New Drug Could Cut Heart Disease Risk by Harnessing the Power of Gut Bacteria, Study Suggests

Scientists have developed a new class of drug which could reduce the risk of cardiovascular disease by harnessing our gut bacteria.

The compound, developed by scientists at Cleveland Clinic, can stop gut microbes from making a molecule which has been linked to heart disease without harming them.

The research is the latest to investigate the role of the microbiome on our overall physical health. This is the genetic makeup of the bacteria which populate the inside and outside of our bodies and outnumber our own cells by 10 to 1.

Dr. Stanley Hazen of the Cleveland Clinic department of cardiovascular medicine, who was an author of the study published in the journal Nature Medicine, said in a statement: "To our knowledge, this is the most potent therapy to date for 'drugging' the microbiome to alter a disease process."

A new class of drug could decrease the risk of cardiovascular disease by targeting a specific microbial pathway in the gut. Getty Images

To develop the drug, researchers carried out experiments in mice. They found the compound they'd created made platelets (cell fragments in the blood which help with clotting) less overly responsive and also prevented excessive blood clots, thus diminishing the risk of cardiovascular disease.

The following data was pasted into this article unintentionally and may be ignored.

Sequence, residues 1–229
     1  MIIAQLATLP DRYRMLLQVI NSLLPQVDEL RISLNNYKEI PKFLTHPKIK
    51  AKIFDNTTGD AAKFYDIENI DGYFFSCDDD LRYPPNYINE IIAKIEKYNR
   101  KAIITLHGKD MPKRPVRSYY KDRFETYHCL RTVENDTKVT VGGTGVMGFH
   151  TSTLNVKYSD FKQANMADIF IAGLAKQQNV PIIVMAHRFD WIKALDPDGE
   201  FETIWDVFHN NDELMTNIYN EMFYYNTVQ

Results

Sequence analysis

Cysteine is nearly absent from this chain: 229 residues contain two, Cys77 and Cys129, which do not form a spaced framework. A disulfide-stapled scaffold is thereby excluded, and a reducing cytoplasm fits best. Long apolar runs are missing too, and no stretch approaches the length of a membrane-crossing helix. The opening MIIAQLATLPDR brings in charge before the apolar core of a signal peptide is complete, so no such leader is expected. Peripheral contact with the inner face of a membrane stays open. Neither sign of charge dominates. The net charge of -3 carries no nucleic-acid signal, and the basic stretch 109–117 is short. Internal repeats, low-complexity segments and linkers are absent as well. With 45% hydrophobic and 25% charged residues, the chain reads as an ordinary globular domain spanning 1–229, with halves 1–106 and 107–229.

The drug achieved this by reducing levels of trimethylamine N-oxide (TMAO), a byproduct of digestion, in the blood.

Previous studies headed by the same team indicated that high levels of TMAO in the blood could be a way to predict if a person will suffer a heart attack or stroke.

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When the gut digests nutrients present in animal products such red meat, egg yolks, and high-fat dairy products, it release TMAO. This in turn can affect how platelets behave, and raises the risk of thrombosis, which can cause heart attacks and stroke.

One dose of the drug cut the levels of TMAO in the blood for up to three days. It also returned platelets to their normal levels of responsiveness, and made clots less likely to form after damage to the arteries. The drug lingered in the gut but did not harm important bacteria, meaning it would not put patients at risk of antibiotic resistance.

Hazen said, "Gut bacteria are altered [by the drug] but not killed by this drug, and there were no observable toxic side effects. The approach developed could potentially be used to target other gut microbial pathways."